With a criminal trial looming, calls for his resignation building and his “Republican” colleagues jockeying for his job, S.C. Speaker of the House Bobby Harrell addressed the public corruption charges against him – specifically his indictment on nine counts of campaign finance-related offenses.
“I have said all along that I have never intentionally violated any law, and I still strongly believe that statement to be accurate,” Harrell said in a statement.
The embattled Speaker referred to the charges against him as mistakes, not crimes – including accounting errors that were “easily addressed.”
“In no way have I ever benefited personally or financially from travel reimbursements from my campaign account,” he said. “In fact, I have regularly used the privately raised funds from my campaign account to pay for official state travel instead of passing that cost along to taxpayers. Similarly, I have often used my own airplane, at no cost to the taxpayers, for official state travel when it would have been completely justifiable to have used the taxpayer-funded state plane instead. If over the course of four years, I mistakenly wrote down the wrong date on a handful of items, that is something that can easily be addressed.”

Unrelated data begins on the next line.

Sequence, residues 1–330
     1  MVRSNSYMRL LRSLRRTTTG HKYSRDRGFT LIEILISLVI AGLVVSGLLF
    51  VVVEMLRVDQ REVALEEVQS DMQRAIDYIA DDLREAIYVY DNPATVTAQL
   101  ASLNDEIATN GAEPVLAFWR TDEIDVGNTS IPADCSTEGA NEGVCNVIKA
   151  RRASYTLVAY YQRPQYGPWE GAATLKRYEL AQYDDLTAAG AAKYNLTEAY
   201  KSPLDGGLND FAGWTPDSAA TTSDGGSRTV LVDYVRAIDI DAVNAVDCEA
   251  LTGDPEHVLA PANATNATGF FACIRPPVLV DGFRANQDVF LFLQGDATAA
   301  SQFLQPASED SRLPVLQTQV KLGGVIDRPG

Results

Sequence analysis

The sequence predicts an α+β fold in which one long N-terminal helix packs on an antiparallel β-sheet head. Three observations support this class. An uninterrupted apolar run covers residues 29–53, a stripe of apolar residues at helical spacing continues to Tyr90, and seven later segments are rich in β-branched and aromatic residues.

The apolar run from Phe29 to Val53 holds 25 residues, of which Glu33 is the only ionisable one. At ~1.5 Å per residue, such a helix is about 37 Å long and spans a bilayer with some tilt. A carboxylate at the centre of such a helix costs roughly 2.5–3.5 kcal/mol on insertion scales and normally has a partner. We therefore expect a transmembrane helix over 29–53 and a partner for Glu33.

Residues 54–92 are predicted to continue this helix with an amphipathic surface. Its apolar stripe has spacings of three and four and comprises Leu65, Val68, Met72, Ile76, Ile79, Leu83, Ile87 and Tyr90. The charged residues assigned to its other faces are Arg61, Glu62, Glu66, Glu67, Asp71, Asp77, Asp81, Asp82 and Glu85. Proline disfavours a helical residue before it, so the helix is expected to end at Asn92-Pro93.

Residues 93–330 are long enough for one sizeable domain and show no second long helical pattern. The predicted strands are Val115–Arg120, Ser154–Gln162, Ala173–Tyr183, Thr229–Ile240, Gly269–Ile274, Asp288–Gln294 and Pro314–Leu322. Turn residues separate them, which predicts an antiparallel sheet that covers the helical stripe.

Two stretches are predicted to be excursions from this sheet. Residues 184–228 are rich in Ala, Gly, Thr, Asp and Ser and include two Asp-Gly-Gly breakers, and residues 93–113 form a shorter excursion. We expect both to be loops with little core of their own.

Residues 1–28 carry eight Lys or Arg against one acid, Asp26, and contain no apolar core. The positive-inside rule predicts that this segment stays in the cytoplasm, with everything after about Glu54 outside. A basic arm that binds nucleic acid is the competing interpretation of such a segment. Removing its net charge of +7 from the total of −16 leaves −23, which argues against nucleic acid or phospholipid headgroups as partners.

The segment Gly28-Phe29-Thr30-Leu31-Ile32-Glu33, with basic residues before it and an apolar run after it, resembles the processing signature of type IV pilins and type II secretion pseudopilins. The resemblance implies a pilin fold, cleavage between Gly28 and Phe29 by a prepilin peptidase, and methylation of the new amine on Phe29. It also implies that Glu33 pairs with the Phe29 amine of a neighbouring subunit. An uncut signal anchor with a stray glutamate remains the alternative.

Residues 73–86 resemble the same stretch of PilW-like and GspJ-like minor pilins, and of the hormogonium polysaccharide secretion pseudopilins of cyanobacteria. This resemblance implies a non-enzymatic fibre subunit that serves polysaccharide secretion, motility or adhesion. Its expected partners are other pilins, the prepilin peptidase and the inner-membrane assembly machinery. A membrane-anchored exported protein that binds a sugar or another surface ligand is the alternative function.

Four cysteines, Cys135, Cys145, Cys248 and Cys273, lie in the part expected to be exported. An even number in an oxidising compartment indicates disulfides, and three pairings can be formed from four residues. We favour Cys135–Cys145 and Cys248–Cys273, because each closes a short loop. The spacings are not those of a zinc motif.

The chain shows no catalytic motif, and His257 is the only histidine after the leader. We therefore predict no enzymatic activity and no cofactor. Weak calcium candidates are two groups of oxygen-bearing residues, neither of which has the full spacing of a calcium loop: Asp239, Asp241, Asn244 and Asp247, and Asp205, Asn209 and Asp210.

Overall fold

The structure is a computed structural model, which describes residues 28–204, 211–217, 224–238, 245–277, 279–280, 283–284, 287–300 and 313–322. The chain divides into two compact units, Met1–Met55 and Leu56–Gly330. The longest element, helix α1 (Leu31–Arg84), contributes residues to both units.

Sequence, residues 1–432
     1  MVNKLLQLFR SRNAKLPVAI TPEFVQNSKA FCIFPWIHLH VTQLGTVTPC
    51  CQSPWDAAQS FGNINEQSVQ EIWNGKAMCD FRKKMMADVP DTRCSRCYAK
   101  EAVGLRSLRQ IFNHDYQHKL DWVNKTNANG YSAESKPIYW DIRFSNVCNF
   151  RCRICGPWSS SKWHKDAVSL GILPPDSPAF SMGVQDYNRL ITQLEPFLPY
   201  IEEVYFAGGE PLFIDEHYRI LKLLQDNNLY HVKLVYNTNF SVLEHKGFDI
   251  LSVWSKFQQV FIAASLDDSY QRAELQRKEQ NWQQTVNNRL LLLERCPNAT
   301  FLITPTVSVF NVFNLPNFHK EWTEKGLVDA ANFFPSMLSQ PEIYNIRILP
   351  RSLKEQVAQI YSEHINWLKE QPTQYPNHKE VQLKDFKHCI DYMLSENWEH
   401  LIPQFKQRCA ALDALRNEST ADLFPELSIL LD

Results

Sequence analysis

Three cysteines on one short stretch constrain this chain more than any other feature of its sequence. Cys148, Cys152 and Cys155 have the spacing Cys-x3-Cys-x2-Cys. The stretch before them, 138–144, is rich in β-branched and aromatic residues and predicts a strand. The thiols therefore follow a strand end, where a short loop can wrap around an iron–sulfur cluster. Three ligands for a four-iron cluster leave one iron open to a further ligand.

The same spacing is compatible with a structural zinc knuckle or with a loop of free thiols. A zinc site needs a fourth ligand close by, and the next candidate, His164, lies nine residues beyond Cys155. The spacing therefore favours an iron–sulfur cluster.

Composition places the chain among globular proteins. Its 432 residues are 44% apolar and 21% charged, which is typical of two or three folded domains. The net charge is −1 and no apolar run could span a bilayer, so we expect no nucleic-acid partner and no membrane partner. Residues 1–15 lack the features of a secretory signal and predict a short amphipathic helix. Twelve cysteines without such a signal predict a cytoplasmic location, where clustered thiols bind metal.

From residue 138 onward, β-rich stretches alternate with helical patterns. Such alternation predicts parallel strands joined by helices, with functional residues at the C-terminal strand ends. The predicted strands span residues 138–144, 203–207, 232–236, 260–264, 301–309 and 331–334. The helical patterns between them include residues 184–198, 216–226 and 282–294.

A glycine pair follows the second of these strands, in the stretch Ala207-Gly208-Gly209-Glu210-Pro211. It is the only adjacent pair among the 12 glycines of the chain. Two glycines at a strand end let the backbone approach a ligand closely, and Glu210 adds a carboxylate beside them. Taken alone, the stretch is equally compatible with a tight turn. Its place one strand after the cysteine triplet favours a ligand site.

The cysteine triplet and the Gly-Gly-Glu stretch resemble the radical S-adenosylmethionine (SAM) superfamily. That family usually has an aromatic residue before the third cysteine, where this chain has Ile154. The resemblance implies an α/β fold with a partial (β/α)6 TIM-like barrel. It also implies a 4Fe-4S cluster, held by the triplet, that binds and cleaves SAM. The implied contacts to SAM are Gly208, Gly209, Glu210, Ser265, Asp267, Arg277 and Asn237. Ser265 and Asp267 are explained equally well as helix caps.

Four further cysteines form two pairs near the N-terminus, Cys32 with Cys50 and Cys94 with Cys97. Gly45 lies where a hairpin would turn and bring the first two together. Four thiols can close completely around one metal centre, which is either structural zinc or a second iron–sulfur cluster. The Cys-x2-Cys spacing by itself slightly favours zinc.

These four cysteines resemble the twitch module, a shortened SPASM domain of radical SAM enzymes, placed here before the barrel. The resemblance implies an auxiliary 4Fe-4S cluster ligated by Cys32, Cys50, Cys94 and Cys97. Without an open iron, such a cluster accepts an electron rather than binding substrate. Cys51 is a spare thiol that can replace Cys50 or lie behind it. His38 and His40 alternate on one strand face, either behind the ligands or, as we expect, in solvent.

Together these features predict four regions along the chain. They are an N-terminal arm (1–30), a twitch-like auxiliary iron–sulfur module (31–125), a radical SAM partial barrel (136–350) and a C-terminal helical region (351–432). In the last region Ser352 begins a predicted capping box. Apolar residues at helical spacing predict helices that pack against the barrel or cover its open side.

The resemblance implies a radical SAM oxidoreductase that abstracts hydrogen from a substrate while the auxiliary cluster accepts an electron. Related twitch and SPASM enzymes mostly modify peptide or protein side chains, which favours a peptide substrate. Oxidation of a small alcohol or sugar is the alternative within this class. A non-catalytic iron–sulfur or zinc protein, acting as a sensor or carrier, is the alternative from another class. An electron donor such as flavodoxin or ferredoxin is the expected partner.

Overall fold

In addition to his own statement, Harrell’s office released a comment from one of his attorneys – Bart Daniel.
“As a former federal and state prosecutor and current defense lawyer, I have prosecuted and defended cases involving the offense of ‘Common Law Misconduct in Office,'” Daniel said. “It is clearly a misdemeanor and has always been considered as such.”
Daniel also produced a 1967 Attorney General’s opinion affirming his contention.
The distinction is critical.
By referring to the allegations contained in the indictment as errors – and having his attorney stress that they should be classified as misdemeanors, not felonies – Harrell is clearly signaling his intention to fight any effort to suspend him as Speaker of the House.